Learn to increase your projects' efficiency by reducing power consumption through these tips!

Arduino Uno and Pro Mini are not powered efficiently in situations when you have to run them on batteries. In such situations, every milliampere of current counts. Arduino Uno draws a minimum of 15mA of current which doesn't sound like much but in certain situations quickly adds up.

Arduino Uno is a development board built with several different circuits including a USB-serial converter, regulators, indicators, processors, a short circuit protection circuit, damage control circuits, etc. It uses more power than the minimum necessary.

In this article, we will look at different ways we can reduce the power consumption of an Arduino by changing some hardware or using code.

Low Power Arduino Libraries

Arduino’s official website provides low power libraries for Arduinos to enable low power features.

Let’s look at two useful codes.

1. External Wake-Up: Using this code, your Arduino will wake up from sleep when an external button is pressed. You can use this code to wake up your Arduino using a sensor.

2. Timed Wake-up: This code wakes up the Arduino after a set amount of sleep.

The above sleep modes reduce the continuous idle power usage of an Arduino Uno. However, they are almost useless because everything other than the MCU on the board is still active and continues to consume power. I have tested this mode and haven’t got down from 50mA consumption; it’s the minimum number one can get in this mode.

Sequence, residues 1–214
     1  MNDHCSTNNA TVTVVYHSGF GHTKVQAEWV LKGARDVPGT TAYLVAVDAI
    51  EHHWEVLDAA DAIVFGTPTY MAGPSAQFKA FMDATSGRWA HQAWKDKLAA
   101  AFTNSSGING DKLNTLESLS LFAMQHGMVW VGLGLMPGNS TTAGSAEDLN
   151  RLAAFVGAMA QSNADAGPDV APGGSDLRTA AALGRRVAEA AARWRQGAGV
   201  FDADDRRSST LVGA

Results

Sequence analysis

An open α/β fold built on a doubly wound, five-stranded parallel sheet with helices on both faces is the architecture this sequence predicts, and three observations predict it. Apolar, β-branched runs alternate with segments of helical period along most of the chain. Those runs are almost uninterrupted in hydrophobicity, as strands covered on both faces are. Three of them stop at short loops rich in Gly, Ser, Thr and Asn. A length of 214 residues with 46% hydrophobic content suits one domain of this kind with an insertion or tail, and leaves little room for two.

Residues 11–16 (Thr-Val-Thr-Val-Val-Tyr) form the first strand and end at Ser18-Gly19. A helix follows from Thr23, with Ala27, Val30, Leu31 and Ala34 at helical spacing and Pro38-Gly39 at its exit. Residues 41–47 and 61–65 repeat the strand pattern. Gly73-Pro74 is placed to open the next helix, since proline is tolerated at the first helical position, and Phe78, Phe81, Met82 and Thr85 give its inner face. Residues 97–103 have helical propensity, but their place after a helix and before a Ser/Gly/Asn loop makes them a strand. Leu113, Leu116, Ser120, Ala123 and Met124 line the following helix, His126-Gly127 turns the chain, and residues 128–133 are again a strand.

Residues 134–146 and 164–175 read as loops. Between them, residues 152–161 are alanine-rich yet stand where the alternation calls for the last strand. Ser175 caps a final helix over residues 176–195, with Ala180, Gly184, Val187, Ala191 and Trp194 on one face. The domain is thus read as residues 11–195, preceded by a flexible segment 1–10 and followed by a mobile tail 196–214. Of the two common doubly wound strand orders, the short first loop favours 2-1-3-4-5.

Deep Sleep Mode

Deep sleep mode helps an Arduino consume a lot less power than sleep mode. It puts the MCU in deep sleep and everything except the RTC peripheral is stopped. The CPU can be woken up using the RTC or any interrupt in code.

Current drawn by a Pro Mini in deep sleep can drop from 25mA to 0.57mA.

Slowing Down Arduino Clock Speed

The clock speed in your Arduino board determines how many operations it can perform per second. Most Arduino boards run at 16MHz of clock speed. Reducing this to 8MHz can drop the current needed from 12mA to 8.5mA. In the long run, it can cut off much of the power consumption and extend battery life.

So, when you don’t need to execute a large number of instructions in a short amount of time, it’s meaningful to reduce your clock speed if you want to save power and also perform some operations. However, this method is not very convenient in most cases and if you can put your board in deep sleep, this method is far more inefficient.

Note: Changing clock speed can cause boot loader issues and your Arduino may get damaged.

Arduino Clock Speed Code

        #include <avr/power.h>

void setup() {
  if(F_CPU == 8000000) clock_prescale_set(clock_div_2);
  if(F_CPU == 4000000) clock_prescale_set(clock_div_4);
  if(F_CPU == 2000000) clock_prescale_set(clock_div_8);
  if(F_CPU == 1000000) clock_prescale_set(clock_div_16);

Replacing or Neglecting Power Consuming Components